Big Bend Conservancy
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Past the red rock fins and spires and shortly before the Blue Creek Trail starts serious switchbacking, there are a few gaping caverns on trail left, the canyon's north wall. They sit at the base of red cliffs climbing to the Chisos and above a steep talus slope. Their alcove shapes and invisible reaches were too intriguing to pass untouched. I often fantasize about crawling into a cave and finding an ancient clay pot sticking from the dust or seldom viewed rock art, and these looked too significant to have gone unused. The largest went back a ways, but was steep inside. The ground was covered with the expected dust and additionally, light cakes of a compacted white powder. I picked one up and did what is always advisable to do when coming across an unknown substance - put some in my mouth. It really had a flavor to it. A really bad one. One I imagined was like fertilizer. My tongue immediately went numb and I spent the next few minutes spitting.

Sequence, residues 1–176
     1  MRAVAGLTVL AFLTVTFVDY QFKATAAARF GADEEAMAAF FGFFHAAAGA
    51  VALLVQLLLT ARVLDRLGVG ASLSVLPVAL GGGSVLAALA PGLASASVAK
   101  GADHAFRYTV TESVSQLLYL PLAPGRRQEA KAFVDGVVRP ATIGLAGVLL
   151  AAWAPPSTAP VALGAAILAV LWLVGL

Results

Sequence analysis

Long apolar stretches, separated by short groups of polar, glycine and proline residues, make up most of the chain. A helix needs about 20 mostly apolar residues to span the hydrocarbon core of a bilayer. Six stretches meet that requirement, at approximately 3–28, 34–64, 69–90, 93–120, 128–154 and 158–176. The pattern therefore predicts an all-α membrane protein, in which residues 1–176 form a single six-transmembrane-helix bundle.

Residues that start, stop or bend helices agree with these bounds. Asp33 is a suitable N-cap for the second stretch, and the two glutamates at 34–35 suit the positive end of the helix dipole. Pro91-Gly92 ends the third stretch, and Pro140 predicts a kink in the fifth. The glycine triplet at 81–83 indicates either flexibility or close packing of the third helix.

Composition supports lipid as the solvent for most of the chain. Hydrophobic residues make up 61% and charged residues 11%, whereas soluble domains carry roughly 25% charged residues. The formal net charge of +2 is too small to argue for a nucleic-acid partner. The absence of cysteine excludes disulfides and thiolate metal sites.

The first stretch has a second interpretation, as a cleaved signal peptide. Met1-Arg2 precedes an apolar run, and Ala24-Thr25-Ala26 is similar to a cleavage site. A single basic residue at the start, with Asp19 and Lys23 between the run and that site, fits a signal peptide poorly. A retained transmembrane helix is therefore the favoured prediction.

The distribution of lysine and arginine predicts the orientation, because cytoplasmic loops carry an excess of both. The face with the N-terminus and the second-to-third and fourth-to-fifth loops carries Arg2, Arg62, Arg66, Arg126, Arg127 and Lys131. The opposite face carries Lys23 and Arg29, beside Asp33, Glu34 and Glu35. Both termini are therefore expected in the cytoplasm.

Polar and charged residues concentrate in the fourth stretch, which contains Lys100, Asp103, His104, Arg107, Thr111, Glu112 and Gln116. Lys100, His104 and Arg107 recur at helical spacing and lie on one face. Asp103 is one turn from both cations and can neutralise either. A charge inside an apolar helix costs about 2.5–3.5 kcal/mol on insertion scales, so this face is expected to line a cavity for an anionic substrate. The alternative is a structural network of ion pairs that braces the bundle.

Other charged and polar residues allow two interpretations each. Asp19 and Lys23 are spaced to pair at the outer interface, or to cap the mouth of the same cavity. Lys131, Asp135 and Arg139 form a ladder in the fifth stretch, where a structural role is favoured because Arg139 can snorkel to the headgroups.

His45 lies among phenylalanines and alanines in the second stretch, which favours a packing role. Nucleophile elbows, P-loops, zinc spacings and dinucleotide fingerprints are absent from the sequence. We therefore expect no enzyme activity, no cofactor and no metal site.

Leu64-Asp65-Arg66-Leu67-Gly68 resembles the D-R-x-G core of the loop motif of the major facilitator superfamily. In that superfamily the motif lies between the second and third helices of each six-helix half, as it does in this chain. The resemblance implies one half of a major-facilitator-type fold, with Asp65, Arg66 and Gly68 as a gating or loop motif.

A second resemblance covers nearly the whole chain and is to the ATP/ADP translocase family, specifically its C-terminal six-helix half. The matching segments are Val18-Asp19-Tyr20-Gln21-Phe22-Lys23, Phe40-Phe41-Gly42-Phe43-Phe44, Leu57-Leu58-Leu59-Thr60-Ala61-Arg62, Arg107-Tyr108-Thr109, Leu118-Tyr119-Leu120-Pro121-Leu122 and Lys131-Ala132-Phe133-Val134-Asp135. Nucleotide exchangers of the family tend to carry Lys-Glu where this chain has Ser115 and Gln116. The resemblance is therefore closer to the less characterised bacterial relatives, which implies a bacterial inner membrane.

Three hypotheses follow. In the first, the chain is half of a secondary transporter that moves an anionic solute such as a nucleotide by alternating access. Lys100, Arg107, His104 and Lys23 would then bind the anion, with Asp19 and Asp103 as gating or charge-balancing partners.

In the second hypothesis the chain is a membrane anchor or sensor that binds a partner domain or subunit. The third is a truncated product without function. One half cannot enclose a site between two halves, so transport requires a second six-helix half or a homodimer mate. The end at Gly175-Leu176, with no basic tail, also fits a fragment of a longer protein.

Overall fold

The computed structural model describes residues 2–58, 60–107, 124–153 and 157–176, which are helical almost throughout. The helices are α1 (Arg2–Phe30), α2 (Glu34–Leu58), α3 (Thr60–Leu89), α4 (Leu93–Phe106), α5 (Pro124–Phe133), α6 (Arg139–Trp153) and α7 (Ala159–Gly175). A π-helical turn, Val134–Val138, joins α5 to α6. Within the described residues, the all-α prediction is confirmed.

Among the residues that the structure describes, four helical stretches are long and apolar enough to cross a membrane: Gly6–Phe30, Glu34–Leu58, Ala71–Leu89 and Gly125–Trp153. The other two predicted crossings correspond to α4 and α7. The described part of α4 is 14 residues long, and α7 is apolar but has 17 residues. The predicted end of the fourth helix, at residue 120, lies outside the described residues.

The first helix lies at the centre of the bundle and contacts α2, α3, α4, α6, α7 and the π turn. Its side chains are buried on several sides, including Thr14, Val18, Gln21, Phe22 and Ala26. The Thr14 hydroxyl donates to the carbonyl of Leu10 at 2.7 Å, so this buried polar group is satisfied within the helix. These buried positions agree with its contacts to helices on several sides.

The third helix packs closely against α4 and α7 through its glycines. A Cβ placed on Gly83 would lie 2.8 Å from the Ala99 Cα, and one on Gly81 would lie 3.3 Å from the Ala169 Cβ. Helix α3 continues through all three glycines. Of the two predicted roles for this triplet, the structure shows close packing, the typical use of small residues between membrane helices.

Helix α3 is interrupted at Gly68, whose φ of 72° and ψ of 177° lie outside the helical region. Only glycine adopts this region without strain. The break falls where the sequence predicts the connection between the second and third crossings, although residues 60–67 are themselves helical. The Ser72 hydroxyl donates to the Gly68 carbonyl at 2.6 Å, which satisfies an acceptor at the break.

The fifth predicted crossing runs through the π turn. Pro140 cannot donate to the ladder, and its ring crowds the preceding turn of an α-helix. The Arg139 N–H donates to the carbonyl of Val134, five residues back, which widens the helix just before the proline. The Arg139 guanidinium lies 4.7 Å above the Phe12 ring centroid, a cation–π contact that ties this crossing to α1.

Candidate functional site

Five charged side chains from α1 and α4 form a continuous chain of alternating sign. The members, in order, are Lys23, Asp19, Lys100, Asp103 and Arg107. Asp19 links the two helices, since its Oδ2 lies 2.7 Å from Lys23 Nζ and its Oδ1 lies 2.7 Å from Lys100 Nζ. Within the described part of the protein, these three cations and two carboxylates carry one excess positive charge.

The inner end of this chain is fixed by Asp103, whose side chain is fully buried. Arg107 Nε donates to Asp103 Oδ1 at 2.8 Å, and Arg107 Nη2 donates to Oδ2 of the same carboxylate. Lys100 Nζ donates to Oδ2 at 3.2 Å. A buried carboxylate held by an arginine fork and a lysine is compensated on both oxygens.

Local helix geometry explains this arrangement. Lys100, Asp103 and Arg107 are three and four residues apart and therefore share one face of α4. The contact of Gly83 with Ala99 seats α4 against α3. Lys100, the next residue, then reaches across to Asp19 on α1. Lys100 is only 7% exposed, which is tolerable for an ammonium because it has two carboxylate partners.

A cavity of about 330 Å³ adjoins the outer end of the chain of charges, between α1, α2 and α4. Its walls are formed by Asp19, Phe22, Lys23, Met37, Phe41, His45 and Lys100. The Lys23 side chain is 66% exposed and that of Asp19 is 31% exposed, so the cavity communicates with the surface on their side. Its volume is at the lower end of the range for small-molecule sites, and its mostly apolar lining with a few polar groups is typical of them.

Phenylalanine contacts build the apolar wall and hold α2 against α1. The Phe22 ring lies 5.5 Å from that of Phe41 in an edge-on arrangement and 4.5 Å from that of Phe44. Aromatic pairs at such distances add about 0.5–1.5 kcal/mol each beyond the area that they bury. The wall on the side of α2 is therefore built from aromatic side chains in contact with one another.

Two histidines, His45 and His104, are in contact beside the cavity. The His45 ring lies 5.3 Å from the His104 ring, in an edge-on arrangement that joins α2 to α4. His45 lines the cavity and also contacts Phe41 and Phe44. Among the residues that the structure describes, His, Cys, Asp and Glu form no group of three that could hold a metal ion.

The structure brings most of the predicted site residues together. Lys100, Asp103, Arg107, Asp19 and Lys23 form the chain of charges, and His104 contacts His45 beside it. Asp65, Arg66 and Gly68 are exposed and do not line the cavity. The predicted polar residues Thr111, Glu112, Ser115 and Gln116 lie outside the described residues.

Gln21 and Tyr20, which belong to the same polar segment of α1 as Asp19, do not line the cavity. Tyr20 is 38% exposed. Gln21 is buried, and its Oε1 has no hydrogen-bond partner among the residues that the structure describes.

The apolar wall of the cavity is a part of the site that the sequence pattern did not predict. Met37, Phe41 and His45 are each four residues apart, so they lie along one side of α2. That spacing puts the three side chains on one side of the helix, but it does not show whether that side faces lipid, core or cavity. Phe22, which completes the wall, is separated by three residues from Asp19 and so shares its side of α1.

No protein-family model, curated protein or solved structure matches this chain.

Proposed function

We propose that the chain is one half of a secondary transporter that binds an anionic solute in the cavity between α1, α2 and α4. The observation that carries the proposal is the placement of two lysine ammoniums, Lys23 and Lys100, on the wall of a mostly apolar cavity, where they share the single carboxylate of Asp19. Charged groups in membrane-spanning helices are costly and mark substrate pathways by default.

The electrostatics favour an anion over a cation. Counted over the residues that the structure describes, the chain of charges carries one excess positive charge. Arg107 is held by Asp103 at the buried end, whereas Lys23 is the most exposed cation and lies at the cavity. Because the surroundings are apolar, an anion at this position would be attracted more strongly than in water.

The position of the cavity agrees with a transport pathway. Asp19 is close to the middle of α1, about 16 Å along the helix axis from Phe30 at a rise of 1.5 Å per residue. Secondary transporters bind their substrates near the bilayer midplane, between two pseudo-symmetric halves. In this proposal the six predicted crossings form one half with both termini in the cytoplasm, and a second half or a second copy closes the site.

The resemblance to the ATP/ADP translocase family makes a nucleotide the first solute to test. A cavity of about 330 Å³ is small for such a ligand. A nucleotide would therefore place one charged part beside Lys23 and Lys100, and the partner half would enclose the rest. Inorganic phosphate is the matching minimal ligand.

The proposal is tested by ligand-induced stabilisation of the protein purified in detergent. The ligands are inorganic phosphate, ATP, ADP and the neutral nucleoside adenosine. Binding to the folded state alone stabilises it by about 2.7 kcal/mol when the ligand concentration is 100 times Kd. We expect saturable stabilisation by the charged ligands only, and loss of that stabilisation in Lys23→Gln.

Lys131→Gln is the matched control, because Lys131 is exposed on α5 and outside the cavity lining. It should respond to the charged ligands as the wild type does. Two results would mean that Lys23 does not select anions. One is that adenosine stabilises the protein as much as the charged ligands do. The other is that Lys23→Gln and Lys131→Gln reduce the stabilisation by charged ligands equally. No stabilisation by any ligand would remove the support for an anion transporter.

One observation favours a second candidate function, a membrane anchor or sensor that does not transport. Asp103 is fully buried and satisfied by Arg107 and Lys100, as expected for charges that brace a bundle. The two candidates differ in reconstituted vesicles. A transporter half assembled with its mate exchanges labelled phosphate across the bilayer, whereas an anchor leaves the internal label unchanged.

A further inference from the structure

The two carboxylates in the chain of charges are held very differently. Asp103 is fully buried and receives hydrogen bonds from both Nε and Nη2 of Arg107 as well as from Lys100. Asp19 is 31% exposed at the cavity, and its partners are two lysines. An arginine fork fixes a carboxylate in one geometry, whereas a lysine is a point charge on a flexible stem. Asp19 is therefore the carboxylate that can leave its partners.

A fine looking young woman with dark hair and a backpack was ascending with her mother. I said hello and passed by. I heard her say to the older woman, "he's been out for a while." They giggled coquettishly. I puffed my chest out and cruised down to the Basin feeling like a king. Be it a smelly and hungry king, but a king nonetheless.
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